IT'S been a long time between drinks for Jerry Thomas, probably the most famous bartender ever to serve a cocktail in New York. He died of apoplexy in 1885 at the age of 55, and it has probably been more than a century since anyone has bothered to concoct the punches, smashes, sangarees and cobblers he made famous in "How to Mix Drinks, or the Bon-Vivant's Companion," first published in 1862. But there they were, on display and ready to drink, in a tribute to Thomas held this month in the Oak Room at the Plaza hotel.
The event was an antiquarian lark, with overtones of a séance. Hands trembling, cocktail devotees reached for drinks that had not been seen in generations, like the brandy crusta, the gin daisy and the Japanese cocktail. But the time travel went in two directions. Given the current enthusiasm for classics like the manhattan and the sidecar, I was struck by how modern the drinks seemed and how potent Thomas's influence has become, as younger bartenders all over New York City have found their way back to his book. With an eye to history, they are trying to recapture the cocktail culture Thomas helped create, defined by high professional standards, restless inventiveness and a keen sense of how a cocktail can catch the popular mood. Thomas may still be, after all these years, the city's most important bartender.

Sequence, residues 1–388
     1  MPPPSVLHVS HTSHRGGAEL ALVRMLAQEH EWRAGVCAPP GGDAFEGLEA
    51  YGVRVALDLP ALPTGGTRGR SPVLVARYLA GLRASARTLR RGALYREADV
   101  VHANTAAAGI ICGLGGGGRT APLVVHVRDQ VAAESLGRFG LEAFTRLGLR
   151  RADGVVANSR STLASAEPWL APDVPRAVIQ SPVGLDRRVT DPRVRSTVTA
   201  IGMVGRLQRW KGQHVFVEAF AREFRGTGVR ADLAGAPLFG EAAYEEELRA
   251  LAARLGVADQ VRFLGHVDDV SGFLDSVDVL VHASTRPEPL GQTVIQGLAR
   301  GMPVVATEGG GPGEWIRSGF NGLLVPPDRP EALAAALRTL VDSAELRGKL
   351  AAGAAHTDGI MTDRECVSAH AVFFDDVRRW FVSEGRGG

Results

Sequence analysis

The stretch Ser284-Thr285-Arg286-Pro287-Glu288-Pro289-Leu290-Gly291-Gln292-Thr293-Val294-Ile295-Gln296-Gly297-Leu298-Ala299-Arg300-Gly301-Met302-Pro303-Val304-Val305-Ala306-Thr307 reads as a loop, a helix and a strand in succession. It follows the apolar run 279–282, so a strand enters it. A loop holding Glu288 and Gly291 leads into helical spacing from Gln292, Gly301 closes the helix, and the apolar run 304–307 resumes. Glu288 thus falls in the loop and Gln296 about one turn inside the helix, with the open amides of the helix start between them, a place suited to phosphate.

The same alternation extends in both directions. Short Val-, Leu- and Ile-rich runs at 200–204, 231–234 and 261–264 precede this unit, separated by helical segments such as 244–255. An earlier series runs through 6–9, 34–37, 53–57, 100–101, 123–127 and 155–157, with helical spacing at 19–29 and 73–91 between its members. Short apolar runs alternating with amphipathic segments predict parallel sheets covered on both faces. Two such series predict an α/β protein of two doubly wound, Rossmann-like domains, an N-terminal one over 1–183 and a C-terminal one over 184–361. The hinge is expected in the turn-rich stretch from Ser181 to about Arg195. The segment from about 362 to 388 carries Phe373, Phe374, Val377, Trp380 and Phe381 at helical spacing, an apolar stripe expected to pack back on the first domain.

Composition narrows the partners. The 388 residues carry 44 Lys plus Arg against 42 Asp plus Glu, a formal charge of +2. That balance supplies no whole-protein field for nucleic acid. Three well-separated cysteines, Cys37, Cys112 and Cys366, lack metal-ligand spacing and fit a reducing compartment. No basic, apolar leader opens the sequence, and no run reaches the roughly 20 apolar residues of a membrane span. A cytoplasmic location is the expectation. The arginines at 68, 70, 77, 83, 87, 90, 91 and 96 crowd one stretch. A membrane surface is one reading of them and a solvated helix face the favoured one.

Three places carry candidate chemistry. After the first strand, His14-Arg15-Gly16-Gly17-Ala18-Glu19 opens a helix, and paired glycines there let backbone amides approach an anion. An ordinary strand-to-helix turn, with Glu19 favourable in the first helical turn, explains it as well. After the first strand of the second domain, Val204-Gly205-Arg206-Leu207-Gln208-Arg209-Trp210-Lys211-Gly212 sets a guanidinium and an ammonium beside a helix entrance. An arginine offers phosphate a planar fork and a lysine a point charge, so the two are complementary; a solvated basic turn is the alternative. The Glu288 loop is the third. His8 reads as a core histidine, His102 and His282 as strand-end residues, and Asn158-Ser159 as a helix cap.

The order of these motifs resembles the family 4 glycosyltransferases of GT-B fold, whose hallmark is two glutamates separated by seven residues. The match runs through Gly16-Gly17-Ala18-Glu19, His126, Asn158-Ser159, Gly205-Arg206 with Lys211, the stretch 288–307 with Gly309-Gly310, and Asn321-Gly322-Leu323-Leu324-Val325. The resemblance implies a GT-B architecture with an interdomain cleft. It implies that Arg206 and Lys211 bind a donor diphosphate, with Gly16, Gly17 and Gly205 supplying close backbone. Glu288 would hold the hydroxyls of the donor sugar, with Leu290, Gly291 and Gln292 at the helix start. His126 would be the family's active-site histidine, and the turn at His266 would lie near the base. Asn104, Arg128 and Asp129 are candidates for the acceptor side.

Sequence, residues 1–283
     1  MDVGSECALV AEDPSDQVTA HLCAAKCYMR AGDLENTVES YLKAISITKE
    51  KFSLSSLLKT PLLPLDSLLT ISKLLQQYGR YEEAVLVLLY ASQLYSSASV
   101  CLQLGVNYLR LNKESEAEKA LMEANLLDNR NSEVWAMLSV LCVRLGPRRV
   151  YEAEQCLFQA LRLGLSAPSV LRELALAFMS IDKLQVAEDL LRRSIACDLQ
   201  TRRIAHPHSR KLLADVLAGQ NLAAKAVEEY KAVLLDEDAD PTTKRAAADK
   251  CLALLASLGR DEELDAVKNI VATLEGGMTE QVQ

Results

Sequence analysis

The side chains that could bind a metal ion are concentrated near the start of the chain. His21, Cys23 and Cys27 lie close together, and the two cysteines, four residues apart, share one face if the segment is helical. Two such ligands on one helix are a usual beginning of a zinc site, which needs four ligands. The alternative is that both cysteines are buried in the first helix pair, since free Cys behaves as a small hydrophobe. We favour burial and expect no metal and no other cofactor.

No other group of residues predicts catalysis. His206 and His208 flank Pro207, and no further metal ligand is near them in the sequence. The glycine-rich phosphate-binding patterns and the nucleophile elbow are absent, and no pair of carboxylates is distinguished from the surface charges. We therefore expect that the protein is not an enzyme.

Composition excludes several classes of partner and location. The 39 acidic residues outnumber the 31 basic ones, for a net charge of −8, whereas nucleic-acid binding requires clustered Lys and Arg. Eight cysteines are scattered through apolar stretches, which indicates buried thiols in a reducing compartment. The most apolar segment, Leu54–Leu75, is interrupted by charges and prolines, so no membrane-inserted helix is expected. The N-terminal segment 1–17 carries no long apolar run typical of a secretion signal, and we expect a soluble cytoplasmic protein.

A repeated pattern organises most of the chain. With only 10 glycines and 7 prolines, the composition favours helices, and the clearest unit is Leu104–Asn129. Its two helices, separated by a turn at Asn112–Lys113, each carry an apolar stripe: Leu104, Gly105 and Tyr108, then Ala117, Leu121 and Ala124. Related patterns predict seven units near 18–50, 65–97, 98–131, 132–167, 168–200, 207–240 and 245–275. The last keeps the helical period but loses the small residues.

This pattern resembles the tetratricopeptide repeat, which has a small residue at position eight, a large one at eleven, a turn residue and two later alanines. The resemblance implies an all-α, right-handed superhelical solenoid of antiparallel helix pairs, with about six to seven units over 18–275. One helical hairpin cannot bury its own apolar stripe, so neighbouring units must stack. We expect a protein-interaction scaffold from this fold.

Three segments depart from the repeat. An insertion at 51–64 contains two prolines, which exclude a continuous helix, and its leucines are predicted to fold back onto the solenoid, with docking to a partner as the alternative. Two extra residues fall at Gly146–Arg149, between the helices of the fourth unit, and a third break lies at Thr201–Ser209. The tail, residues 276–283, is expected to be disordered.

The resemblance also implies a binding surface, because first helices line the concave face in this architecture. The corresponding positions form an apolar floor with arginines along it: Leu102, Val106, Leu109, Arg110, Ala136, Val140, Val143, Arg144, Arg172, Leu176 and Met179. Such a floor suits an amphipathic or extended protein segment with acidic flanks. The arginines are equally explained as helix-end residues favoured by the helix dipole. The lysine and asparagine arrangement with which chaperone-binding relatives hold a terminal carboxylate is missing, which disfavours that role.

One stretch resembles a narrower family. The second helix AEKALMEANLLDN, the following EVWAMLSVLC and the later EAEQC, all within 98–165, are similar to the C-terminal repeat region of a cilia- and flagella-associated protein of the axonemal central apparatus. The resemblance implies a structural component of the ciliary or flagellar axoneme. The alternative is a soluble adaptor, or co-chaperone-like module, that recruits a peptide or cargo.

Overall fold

The Thomas tribute was organized by David Wondrich, author of "Esquire Drinks," and Slow Food, the international organization devoted to preserving the old ways of growing and preparing food. Mr. Wondrich called on a handful of bartenders and cocktail experts to recreate, as accurately as possible, one drink each from Thomas's repertory, an assignment harder than it might sound. The old-time bartenders used very different glassware from ours. A typical cocktail was a mere two to three ounces, and just multiplying the proportions to fit larger glasses can throw a drink out of whack, especially when citrus juices are part of the recipe. Ingredients were different, too.